Regional Reviews: Phoenix
Also see Gil's reviews of Evil Dead: The Musical, The Music of Billy Joel starring Michael Cavanaugh and Rathmines Road
With a Tony nominated book by Craig Lucas and a Tony winning score by Adam Guettel, the plot follows Margaret Johnson and her daughter Clara, who are vacationing in Italy in the summer of 1953. When Clara meets and falls in love with a young Italian man named Fabrizio Naccarelli, the over protective Margaret does the best she can to shield Clara from what she believes will be an unpleasant outcome. On the surface, The Light in the Piazza looks like a fairly ordinary romantic musical, but the simple story takes on a deeper meaning when secrets are revealed and we discover that Clara is unlike other beautiful young women her age and why Margaret is so concerned about her wellbeing and so desperately tries to protect her from any possibility of disappointment in life.
Based upon Elizabeth Spencer's 1960 novella, which was adapted into the 1962 film starring Olivia de Havilland as Margaret and Yvette Mimieux as Clara, the musical is a lush and romantic personal story that ultimately changes the lives of both Margaret and Clara. While the story is fairly simple and there are a few minor plot points that have been eliminated from both Spencer's original work and the film screenplay for the musical, Lucas' book manages to expand upon elements of the original material to provide added depth to the characters. Guettel's score is lush, sweeping, romantic, and operatic in parts while also providing several introspective solos.
Where the film was able to beautifully evoke the unspoken feelings of the characters via close-ups, Lucas' book has Margaret speak to the audience a few times to provide important information, and Guettel's lyrics and his character-specific songs, specifically Margaret's two solos, "Dividing Day" and "Fable" and the title song which Clara sings, are exceptional in how they perfectly get across the characters' thoughts and emotions.
ASU's production is beautifully sung with impressive acting by the entire cast under Robert Kolby Harper's perceptive and confident direction. Mary Ott does an amazing job in depicting why Margaret is so fiercely protective of her daughter. We see, through Ott's even measured line delivery, the care Margaret goes through to not over-excite Clara and, through her emotionally infused singing, we understand why Margaret is also intent on shielding Clara from any pain. Yet we also see how the character wrestles with the choices she has made and the guilt she has from those decisions. Through Ott's perfect performance, we understand that Margaret knows what her responsibilities to her daughter are and why she believes the decisions she makes are to ensure what happens is the best for Clara. When Ott delivers her final song, "Fable," it is easy to feel the pain and suffering Margaret has gone through over the years to constantly chaperone Clara away from any hint of disappointment and the emotional toll it's taken on her for doing so.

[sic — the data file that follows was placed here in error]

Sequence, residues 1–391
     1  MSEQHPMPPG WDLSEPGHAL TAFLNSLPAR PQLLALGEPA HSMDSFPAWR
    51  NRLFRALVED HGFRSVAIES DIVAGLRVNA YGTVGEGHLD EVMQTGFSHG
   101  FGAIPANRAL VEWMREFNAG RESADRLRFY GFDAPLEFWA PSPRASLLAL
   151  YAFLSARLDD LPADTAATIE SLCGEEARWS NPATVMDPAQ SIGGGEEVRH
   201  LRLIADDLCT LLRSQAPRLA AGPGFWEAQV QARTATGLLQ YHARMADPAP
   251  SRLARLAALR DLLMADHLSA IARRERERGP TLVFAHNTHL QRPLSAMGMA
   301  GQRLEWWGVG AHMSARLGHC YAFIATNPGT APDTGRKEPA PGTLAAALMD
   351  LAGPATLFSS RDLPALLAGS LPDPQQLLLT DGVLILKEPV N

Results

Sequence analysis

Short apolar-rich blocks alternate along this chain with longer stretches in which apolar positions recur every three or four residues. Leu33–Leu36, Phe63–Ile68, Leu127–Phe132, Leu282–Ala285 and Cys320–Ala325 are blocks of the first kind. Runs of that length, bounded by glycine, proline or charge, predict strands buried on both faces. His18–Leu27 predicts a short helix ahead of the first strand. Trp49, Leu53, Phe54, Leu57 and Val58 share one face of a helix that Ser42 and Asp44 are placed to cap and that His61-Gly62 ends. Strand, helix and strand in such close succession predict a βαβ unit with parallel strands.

As the childlike Clara, Kathlynn Rodin beautifully evokes a vibrant young woman who longs for love and a connection with those around her. It's a difficult role to play, since Clara goes from being a sweet and innocent young woman who is overly friendly to everyone she meets in one moment to an unruly and somewhat petulant child the next, while also instilling a lovely sense of charm and a growing desire for a sensual connection. Rodin navigates her way through the wide-ranging emotions of the character with ease. Her solo of "The Light in the Piazza" is elegant and introspective.
With a gorgeous singing voice, Jacob Herrera delivers Fabrizio's songs with a beautiful clarity, instilling charm and excitability in this young man along with a humorous touch of torment and tenderness that sometimes comes when a man falls head over heels in love with a young woman with an overprotective mother. Rodin and Herrera create a realistic and genuine young couple the audience can care for and want to see succeed.
As Fabrizio's passionate, loud and fiery family, who immediately welcome Clara into their family without knowing her secret, Kade Bailey, Molly Cox, Vaibu Mohan and Cade Trotter create radiant and sophisticated characters. Bailey is quite elegant and charming as Fabrizio's father who forms an interesting bond with Margaret. In a smaller role, Teddy Ladley is stoic and solid as Roy, Margaret's husband and Clara's father, who doesn't always agree with Margaret on how she treats Clara.
The creative aspects of the production are stylish and attractive, including Alfredo Escarcega's elegant and very effective set design, which uses several large rotating columns and a few other set elements, and gorgeous, period-perfect costumes by Jacqueline Benard. Lighting designer Kristen Peterson delivers some rich and colorful visual images. Music director Greg Paladino derives stunning vocals from the cast and the large orchestra, who all sound excellent under Connor Adams' sound design.
tHE Light in the Piazza is a compelling musical full of passion yet also one that depicts the emotional pain that relationships, both romantic and parental, sometimes inflict. The beauty of the original novella, the film, and this musical adaptation is in how the deep love and connection a mother has with her child is elegantly depicted and in how a story that borders on heartbreak and disappointment can evolve into one that is ultimately uplifting and full of hope. ASU's production is superb.
The Light in the Piazza runs through October 6, 2019, at Arizona State University Music Theatre and Opera, Evelyn Smith Music Theatre in the ASU School of Music, 50 E. Gammage Pkwy., Tempe AZ. Tickets and information are available at music.asu.edu.
Director/ Choreographer: Robert Kolby Harper